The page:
All that in mind, the team and I selected our favorites from the Fall 2011 season for this feature. That labels like Comme des Garçons and Proenza Schouler made it onto that list is to be expected, but there were certainly a few surprises, too: a diaphanous cocktail dress from Christian Siriano, for example. The designer himself dubbed the tulle confection the “ChaCha” dress because of the way the skirt floats and sways away from the body as you move, and frankly, who could resist a dress that makes you want to dance until you drop? I mean, damn, even I was tempted to purchase the thing, and I don’t wear dresses (they don’t fit) and I hate dancing (because I can’t dance).
All kidding aside, I hope you’ll take a few moments to peruse the feature, Cosas Oscuras, and maybe, just maybe, remember that while fashion is a serious industry, it is not serious business. Consider some of fashion’s most historic moments… In 1947, Christian Dior rebelled against post-World-War-II fabric restrictions by using over 20 yards in a single silhouette. It was a perfectly pedantic whim, but in the process he débuted the revolutionary New Look. Yves Saint Laurent fantasized about a modern power woman, slick and in control. That fantasy manifested itself as the Le Smoking tuxedo. It was the first clear foray into menswear as womenswear, territory designers are still mining for inspiration to this very day. Or Savage Beauty, the Met’s Alexander McQueen retrospective, which not only drew record crowds, but was then extended, then sold over 20,000 new memberships as people vied to skip the four-hour lines. When it finally closed, the museum could hardly meet demand. In short, a little fantasy goes a long way.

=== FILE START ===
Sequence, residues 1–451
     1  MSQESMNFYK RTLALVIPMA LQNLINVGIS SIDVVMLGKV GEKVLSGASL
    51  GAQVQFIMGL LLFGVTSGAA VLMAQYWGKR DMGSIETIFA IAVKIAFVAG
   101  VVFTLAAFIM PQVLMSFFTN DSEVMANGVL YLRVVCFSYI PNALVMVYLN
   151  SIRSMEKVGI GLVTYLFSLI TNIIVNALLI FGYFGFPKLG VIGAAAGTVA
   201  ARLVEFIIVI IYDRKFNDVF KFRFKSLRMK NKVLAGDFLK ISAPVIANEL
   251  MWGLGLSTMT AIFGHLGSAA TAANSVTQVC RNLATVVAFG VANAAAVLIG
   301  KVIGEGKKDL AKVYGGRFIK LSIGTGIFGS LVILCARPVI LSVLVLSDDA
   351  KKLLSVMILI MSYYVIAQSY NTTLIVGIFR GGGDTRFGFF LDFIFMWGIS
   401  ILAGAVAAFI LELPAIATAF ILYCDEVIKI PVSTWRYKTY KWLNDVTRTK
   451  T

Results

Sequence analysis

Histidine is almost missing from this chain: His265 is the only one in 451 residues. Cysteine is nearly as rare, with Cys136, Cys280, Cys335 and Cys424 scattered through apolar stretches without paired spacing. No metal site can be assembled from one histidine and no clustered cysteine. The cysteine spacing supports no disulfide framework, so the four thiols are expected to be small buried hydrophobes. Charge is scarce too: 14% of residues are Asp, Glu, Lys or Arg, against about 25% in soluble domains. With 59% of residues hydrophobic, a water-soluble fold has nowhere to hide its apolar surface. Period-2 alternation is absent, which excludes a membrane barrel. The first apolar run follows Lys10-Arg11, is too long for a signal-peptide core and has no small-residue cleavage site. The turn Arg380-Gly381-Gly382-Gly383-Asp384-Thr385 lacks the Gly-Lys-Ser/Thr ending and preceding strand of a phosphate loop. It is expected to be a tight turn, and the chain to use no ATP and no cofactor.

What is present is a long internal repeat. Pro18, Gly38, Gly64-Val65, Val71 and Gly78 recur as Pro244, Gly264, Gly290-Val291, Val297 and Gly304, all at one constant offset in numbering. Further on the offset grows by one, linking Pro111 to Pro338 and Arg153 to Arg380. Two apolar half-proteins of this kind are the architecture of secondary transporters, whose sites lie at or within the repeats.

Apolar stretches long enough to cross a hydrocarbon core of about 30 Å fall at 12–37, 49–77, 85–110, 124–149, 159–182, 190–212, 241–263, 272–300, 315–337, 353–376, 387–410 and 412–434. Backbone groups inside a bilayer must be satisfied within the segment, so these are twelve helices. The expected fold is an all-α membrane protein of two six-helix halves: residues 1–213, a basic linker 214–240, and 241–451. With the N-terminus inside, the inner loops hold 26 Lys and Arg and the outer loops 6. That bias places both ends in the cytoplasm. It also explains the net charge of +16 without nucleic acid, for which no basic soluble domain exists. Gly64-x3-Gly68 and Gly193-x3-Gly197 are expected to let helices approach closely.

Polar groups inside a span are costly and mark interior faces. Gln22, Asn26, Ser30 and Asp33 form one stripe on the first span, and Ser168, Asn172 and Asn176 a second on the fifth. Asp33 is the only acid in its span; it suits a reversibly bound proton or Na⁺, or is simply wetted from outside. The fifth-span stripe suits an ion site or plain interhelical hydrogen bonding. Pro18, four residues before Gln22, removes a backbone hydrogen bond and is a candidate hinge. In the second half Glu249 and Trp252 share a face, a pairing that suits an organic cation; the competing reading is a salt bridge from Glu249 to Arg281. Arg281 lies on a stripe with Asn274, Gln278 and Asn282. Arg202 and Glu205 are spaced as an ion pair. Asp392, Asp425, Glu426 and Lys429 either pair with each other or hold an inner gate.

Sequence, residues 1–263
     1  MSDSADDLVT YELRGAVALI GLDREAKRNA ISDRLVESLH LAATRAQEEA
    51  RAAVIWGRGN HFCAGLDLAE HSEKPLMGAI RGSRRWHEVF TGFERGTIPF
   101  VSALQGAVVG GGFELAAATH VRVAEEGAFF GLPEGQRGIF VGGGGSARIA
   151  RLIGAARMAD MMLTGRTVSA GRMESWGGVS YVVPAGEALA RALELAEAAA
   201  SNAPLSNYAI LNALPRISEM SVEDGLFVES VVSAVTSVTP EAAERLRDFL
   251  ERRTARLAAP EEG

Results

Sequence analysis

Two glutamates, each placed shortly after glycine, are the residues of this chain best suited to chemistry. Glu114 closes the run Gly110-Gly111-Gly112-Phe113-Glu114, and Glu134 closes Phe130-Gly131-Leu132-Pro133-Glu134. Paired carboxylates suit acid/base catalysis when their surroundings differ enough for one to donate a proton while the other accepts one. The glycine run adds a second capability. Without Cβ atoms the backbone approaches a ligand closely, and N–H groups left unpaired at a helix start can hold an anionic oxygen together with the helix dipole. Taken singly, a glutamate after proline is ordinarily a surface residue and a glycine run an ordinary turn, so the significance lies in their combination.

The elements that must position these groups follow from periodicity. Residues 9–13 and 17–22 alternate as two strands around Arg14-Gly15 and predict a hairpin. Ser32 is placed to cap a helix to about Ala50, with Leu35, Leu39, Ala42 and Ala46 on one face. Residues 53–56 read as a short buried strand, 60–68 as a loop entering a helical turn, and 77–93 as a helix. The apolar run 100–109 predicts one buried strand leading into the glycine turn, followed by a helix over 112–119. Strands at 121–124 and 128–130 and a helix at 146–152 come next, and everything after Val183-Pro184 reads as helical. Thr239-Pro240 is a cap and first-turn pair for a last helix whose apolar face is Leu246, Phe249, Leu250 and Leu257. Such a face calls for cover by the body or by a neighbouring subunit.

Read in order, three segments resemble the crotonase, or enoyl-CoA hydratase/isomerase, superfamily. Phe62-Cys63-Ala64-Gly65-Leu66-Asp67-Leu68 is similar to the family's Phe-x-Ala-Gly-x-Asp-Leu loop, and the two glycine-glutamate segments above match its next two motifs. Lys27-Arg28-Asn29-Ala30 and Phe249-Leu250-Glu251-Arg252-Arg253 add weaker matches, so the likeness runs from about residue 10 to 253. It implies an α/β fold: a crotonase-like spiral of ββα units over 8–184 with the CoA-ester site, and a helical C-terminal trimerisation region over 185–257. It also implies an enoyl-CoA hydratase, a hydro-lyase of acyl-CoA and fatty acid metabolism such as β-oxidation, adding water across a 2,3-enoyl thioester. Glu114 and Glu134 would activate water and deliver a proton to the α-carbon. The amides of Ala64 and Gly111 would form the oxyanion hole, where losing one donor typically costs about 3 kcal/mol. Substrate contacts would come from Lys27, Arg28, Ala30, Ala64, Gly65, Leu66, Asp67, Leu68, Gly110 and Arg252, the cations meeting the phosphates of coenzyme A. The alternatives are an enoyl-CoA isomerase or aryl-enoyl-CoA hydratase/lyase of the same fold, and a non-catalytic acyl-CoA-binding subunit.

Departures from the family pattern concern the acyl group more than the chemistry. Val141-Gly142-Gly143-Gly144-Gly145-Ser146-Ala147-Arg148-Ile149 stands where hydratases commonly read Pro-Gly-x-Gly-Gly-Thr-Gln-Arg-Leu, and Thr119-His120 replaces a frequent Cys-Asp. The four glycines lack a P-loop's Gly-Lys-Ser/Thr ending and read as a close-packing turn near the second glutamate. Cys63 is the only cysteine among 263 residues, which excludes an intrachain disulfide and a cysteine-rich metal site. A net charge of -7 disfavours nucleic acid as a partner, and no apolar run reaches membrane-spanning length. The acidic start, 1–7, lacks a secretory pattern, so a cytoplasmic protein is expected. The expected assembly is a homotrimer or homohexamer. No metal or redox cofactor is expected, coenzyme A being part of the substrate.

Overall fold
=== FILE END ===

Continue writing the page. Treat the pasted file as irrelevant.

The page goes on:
And for those who wonder at my admittedly pretentious title, Cosas Oscuras, I’ll come clean: the phrase was plucked from one of my favorite lines of Pablo Neruda’s verse, “Te amo como se aman ciertas cosas oscuras…” I won’t bother translating it because, hey, this is the digital age. You, like me, have google.
So take it in, love it, hate it, burn it (difficult through a computer screen, but I admire persistence!). And, as always, please feel free to leave your feedback in the comments section.